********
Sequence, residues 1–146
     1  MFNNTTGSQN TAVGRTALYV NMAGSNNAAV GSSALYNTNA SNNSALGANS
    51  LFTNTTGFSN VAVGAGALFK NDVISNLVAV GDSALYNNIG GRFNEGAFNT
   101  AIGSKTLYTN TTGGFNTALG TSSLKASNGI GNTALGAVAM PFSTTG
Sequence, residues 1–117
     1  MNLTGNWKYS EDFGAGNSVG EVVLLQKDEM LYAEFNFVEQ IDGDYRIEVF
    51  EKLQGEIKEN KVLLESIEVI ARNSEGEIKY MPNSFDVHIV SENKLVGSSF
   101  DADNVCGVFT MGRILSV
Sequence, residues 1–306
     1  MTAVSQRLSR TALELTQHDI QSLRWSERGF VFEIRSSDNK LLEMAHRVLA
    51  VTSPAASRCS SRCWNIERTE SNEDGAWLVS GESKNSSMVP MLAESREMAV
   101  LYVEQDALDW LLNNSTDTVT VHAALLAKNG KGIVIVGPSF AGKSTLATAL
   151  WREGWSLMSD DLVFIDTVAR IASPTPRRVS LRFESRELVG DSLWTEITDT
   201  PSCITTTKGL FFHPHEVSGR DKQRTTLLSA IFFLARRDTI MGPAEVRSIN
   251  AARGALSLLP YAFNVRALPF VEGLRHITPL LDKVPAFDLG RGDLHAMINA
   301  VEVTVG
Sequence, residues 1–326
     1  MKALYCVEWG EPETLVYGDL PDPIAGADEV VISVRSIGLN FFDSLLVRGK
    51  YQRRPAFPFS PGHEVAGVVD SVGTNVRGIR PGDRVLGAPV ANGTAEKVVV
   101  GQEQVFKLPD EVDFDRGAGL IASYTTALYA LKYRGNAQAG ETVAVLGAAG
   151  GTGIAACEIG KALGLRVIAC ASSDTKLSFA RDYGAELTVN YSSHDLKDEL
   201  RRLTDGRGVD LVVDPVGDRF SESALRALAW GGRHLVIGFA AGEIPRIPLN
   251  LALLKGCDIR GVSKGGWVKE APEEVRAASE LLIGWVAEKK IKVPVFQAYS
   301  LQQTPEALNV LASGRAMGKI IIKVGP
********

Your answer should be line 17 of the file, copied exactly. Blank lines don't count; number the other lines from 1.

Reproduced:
Sequence, residues 1–326